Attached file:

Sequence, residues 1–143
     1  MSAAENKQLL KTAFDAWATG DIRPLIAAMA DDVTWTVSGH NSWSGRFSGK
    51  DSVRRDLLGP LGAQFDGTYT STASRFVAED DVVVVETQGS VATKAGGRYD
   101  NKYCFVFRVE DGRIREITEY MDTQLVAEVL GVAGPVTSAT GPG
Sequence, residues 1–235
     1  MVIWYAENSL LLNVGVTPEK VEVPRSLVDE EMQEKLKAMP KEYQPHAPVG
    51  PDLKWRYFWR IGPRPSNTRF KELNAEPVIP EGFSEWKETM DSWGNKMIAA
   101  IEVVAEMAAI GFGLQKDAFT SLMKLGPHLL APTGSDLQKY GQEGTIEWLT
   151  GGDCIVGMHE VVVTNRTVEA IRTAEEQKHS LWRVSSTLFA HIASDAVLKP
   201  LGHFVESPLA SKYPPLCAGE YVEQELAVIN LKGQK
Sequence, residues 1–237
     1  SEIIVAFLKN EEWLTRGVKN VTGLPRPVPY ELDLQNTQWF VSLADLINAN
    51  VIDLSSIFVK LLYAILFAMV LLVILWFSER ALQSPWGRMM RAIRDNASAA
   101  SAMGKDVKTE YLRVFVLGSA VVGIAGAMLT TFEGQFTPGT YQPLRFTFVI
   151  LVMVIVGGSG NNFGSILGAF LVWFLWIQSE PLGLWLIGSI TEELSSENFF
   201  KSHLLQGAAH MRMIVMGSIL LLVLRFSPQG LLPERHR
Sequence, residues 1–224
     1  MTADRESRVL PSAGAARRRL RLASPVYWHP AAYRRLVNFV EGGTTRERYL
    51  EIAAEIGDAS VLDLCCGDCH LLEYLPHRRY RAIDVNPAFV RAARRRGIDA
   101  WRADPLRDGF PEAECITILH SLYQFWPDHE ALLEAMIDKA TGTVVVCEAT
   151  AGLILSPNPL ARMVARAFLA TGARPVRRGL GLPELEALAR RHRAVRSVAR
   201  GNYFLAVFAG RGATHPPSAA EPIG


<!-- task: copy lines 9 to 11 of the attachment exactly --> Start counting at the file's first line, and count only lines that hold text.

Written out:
   151  GGDCIVGMHE VVVTNRTVEA IRTAEEQKHS LWRVSSTLFA HIASDAVLKP
   201  LGHFVESPLA SKYPPLCAGE YVEQELAVIN LKGQK
Sequence, residues 1–237